Modern Day Seppuku: The Battle with Depression
I was conducting a research for my custom essay on Asian history when I chanced upon this article in CNN about a massive suicide rate increase in Japan. http://edition.cnn.com/2009/WORLD/asiapcf/03/19/suicide.forrest.japan/index.html According to the report, the suicide rate in the country is up 15% compared to the statistics of January 2008 – this is indeed very alarming news.
Based on the report, Japanese citizens are heading for Aokigahara Forest – a site known for its panoramic view of Mt. Fiji as well as a suicide site.
When we go back and explore Japanese history, we would learn that suicide is part of their culture. During the time of the samurai, it was part of their honor code to die voluntarily rather than fall into the hands of their enemies. It was also a form of capital punishment for disgraced samurai. Known as sepukku or hara-kiri, this is a ritual done through disembowelment.
The Age of the Samurai has long gone, but the Japanese remain true to their tradition. Now, the disgrace is not just brought about by serious offenses like corruption, treason, or murder. Instead, there is a new horror in the closet: poverty and recession. In fact, officials are fearing that more Japanese may kill themselves in the course of this economic slowdown. Here in the United States, the same thing is happening. People are committing suicide and killing family members during the economic crisis.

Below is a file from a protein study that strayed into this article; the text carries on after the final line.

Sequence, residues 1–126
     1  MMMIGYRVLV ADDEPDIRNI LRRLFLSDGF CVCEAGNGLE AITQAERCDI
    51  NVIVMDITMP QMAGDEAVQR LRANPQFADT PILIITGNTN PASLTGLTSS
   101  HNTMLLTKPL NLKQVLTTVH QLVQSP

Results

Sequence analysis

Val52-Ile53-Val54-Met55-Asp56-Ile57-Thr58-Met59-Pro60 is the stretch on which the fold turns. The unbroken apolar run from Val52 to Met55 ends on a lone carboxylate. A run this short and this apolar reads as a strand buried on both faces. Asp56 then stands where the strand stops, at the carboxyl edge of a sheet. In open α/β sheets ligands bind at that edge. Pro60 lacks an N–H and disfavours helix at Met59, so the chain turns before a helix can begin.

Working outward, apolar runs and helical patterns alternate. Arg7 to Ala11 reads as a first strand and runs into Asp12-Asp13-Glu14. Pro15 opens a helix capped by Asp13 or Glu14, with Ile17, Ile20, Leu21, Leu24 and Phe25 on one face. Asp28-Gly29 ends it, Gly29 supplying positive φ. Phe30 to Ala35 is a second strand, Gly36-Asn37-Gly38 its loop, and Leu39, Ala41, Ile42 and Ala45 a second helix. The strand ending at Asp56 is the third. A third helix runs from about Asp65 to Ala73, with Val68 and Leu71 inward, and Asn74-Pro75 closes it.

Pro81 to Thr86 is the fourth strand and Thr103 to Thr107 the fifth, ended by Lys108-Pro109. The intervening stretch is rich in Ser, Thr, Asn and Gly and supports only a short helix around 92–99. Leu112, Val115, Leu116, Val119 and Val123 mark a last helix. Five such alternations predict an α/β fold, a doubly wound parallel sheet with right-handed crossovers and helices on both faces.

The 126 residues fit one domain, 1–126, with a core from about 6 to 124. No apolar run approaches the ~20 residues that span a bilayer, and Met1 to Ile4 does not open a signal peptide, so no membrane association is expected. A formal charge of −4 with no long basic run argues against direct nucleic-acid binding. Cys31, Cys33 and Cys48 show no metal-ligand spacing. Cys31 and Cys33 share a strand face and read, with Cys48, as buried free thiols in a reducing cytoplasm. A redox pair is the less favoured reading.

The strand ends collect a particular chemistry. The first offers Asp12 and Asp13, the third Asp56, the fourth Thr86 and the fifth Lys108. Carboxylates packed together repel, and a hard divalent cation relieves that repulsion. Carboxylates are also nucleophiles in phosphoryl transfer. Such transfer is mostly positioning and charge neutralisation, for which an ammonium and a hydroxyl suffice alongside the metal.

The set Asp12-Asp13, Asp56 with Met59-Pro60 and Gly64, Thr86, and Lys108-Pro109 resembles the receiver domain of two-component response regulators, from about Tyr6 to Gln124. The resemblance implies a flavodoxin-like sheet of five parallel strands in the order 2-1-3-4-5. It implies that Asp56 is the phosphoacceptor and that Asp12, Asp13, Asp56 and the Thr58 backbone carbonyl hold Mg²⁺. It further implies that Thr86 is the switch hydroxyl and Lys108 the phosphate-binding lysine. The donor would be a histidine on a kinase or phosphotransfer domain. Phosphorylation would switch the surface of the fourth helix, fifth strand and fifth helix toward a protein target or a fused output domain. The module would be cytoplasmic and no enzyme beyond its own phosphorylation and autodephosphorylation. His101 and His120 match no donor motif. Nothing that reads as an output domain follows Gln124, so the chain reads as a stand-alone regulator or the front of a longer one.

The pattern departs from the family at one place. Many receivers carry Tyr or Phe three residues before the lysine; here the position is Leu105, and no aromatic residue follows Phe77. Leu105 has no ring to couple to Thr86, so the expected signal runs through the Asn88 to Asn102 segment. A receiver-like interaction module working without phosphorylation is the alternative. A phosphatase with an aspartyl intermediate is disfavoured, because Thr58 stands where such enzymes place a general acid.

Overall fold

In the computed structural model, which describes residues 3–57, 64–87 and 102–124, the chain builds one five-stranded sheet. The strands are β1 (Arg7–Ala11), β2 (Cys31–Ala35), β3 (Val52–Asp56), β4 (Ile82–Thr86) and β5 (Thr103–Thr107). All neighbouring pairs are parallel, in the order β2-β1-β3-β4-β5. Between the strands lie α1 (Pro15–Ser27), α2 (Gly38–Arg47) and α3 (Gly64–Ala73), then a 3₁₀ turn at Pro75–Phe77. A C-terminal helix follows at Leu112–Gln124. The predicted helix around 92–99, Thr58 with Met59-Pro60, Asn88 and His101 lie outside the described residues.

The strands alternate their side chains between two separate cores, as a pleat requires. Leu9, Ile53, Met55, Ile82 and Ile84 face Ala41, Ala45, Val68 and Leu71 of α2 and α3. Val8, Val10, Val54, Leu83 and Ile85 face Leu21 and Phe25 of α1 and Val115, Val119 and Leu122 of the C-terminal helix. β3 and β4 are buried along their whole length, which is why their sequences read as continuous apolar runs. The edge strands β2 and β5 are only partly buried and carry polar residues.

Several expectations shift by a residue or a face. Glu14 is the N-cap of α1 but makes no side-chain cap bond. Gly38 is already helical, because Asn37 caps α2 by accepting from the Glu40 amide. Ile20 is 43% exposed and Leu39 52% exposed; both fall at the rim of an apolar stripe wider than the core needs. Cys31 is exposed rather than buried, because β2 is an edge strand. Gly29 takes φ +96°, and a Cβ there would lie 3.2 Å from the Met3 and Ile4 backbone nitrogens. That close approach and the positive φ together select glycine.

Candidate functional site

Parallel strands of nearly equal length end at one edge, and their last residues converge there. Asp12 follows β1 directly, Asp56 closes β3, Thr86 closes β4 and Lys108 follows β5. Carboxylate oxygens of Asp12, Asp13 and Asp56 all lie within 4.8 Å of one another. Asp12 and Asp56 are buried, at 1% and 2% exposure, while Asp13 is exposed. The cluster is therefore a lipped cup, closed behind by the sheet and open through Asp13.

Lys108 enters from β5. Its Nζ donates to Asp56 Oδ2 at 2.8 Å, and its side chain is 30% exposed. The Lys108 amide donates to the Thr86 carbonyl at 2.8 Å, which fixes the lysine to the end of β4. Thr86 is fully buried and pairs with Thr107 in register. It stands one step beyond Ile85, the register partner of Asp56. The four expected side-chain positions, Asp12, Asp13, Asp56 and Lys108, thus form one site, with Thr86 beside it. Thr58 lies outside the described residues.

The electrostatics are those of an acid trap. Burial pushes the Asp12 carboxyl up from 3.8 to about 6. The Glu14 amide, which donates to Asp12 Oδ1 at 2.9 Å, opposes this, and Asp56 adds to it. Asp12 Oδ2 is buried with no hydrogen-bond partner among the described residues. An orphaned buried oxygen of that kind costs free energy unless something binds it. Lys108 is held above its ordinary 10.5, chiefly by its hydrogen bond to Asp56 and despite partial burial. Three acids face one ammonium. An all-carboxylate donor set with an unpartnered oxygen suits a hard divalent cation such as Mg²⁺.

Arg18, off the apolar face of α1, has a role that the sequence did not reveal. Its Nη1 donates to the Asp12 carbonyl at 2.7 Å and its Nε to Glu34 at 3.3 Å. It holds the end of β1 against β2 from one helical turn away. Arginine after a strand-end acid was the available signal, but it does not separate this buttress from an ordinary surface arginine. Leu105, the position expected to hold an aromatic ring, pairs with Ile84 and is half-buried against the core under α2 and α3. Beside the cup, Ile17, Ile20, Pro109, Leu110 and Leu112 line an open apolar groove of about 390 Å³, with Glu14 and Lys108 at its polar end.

Several studies have shown that the richer the country is, the incidents of depression is higher. No wonder, the Japanese and the Americans are more prone to misery and despair.
I do hope that people could focus on the positive side things. The culture of materialism that has been pervading the modern society has really served to distort our values and demean human life. There are things more important than one’s bank account. Although I do understand that sometimes, it’s really clinical depression, what makes me sad is that people are to busy pursuing their careers that when it goes down the drain, they feel helpless.
It is my prayer that everything will turn out alright.